Water is indispensable to life because all the functions of living beings rely on its presence: breathing, nutrition, circulation, and reproduction. Water forms part of all living bodies, both animal and vegetable. It is a natural resource necessary for human life. This natural resource has been threatened by climate change and its scarcity has been reported in many locations worldwide. According to the FAO, in 2014 almost 50 countries were faced with water shortages: Africa is the continent with the highest percentage of water stress (41%), while Asia has the highest percentage of countries with total water shortage (25%). Confronted with this critical problem, it is necessary that people of all ages, races, and cultures become aware of the value that water represents and take action in both the individual and collective spheres. To ensure that the next generation understands water’s properties and functions, and learns to value and take care of it, this action should start in schools, which play a fundamental role in the education of children and young people.
Olga María Bermúdez and Marcela Lombana
A new approach to education has been proposed, called Education for Sustainable Development (ESD), with the goal of developing education in order to foster individuals who will contribute to the realization of a socially, economically, and environmentally more sustainable society. From the beginning of the 21st century, this has given rise to discussions and practices on related themes all over the world, including in Asia. While the environment surrounding education is markedly changing in Asian societies, with educational reforms actively pursued in many Asian countries and regions, their situations greatly differ depending on the context in which they find themselves. Today, departing from the conventional modes of teaching and learning that focus on the acquisition of an already systematized body of knowledge and skills, the field of education the world over is now shifting its focus to what is called key competencies, adopting and experimenting with new teaching and learning styles to develop abilities referred to as 21st-century skills. Based on these theoretical and conceptual discussions, a number of initiatives have been adopted as policies, school curricula, and educational practices in order to promote ESD in Asian countries. It is possible to divide Asian countries into three groups based on the place of ESD in their countries, as well as their degree of socioeconomic development and the popularization of school education: (a) countries that have accumulated experience in the practice of environmental education or development education; (b) countries that have been witnessing growing environmental consciousness and its rapid institutionalization in recent years, with varying degrees of implementation of environmental education; and (c) countries in which the elimination of poverty and inequality remains the most pressing issue and ESD is promoted in connection with development issues. Although the introduction of ESD is greatly affected by each country’s socioeconomic situation, it is important for all countries in Asia to promote equitable and sustainable education in order to realize a sustainable society. Thus, Asian countries need to form a social consensus to promote ESD, which requires the participation and responsibility of the whole of society.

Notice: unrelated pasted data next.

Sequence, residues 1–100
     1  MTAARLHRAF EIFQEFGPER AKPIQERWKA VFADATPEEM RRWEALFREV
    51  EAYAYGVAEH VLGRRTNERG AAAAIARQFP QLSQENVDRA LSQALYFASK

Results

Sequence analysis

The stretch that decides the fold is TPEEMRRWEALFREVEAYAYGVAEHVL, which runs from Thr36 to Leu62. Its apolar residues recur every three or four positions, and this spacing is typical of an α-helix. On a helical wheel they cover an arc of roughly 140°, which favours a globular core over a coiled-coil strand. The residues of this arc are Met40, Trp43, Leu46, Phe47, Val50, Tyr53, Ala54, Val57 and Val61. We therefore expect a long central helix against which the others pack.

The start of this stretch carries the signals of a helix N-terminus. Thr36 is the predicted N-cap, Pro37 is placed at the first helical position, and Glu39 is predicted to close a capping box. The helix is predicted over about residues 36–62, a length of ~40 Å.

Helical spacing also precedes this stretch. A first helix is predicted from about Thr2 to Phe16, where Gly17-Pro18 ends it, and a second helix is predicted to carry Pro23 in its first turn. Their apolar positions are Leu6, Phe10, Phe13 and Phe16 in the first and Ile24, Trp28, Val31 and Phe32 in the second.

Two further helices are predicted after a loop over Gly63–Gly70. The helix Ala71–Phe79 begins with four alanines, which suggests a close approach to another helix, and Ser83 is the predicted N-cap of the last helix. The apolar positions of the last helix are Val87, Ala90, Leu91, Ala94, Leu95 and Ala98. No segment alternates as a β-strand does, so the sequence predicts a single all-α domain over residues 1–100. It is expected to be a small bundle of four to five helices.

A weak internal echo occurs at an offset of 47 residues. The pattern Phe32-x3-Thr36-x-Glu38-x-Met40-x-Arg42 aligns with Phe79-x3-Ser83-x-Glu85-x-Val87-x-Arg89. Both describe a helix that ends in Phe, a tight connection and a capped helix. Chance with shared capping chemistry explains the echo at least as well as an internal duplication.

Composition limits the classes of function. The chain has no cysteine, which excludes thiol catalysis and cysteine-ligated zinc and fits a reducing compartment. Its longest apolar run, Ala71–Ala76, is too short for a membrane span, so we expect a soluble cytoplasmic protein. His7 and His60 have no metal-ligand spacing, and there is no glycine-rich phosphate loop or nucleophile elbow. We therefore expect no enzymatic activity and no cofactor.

Sulaman Hafeez Siddiqui, Kuperan Viswanathan, and Rabia Rasheed
Leadership in business and society is responsible for a large part of the decision-making related to policymaking and resource allocation that in turn influences social and environmental outcomes and economic windfalls. The theory and practice of education and learning in business schools is being called on for reforms in order to nurture responsible leadership for business and society that may align well with the triple bottom-line challenge of sustainability (i.e., economic, social, and environmental). We can find state-of-the-art research studies from definition to historical evolution and dimensions of responsible leadership specifically related to corporate sustainability. The role of curriculum design is central to enabling business schools to nurture responsible leaders who are considerate toward the external effects of their internal decision-making, thus seeking to balance the broader stakeholders’ objectives. Several global initiatives have been undertaken by multilateral institutions such as the UN, business schools, and enterprises in the corporate sector to foster a commitment to responsible leadership and allied reforms in teaching in business schools regarding corporate sustainability. These forums, at both the corporate and academic fronts, have contributed to theoretical development and practices for teaching and learning related to responsible leadership in higher education, specifically in business schools. These initiatives stress that business schools and their academic faculty, who intend to serve as custodians of business and society, must make necessary curriculum reforms to meet the challenges of sustainability by embracing their own transformation.